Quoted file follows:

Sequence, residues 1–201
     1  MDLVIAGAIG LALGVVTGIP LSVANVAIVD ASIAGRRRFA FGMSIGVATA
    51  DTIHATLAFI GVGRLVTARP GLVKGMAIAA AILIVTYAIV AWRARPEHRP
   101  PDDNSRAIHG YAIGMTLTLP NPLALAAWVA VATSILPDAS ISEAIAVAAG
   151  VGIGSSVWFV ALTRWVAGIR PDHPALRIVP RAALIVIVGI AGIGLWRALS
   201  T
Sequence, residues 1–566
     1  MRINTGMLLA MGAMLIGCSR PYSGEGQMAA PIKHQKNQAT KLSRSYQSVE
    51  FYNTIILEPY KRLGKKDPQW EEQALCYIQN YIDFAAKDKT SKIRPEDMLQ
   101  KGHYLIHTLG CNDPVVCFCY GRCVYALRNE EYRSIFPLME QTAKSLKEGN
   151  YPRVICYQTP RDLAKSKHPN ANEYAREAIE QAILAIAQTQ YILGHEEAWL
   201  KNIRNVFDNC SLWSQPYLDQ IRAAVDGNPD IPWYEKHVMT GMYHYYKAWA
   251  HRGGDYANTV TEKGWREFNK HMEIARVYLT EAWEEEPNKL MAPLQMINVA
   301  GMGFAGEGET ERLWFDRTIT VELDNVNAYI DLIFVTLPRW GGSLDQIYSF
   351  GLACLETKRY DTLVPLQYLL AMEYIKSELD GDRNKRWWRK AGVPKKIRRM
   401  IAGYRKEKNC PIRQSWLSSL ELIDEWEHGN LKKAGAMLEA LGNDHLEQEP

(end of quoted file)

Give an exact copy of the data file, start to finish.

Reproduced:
Sequence, residues 1–201
     1  MDLVIAGAIG LALGVVTGIP LSVANVAIVD ASIAGRRRFA FGMSIGVATA
    51  DTIHATLAFI GVGRLVTARP GLVKGMAIAA AILIVTYAIV AWRARPEHRP
   101  PDDNSRAIHG YAIGMTLTLP NPLALAAWVA VATSILPDAS ISEAIAVAAG
   151  VGIGSSVWFV ALTRWVAGIR PDHPALRIVP RAALIVIVGI AGIGLWRALS
   201  T
Sequence, residues 1–566
     1  MRINTGMLLA MGAMLIGCSR PYSGEGQMAA PIKHQKNQAT KLSRSYQSVE
    51  FYNTIILEPY KRLGKKDPQW EEQALCYIQN YIDFAAKDKT SKIRPEDMLQ
   101  KGHYLIHTLG CNDPVVCFCY GRCVYALRNE EYRSIFPLME QTAKSLKEGN
   151  YPRVICYQTP RDLAKSKHPN ANEYAREAIE QAILAIAQTQ YILGHEEAWL
   201  KNIRNVFDNC SLWSQPYLDQ IRAAVDGNPD IPWYEKHVMT GMYHYYKAWA
   251  HRGGDYANTV TEKGWREFNK HMEIARVYLT EAWEEEPNKL MAPLQMINVA
   301  GMGFAGEGET ERLWFDRTIT VELDNVNAYI DLIFVTLPRW GGSLDQIYSF
   351  GLACLETKRY DTLVPLQYLL AMEYIKSELD GDRNKRWWRK AGVPKKIRRM
   401  IAGYRKEKNC PIRQSWLSSL ELIDEWEHGN LKKAGAMLEA LGNDHLEQEP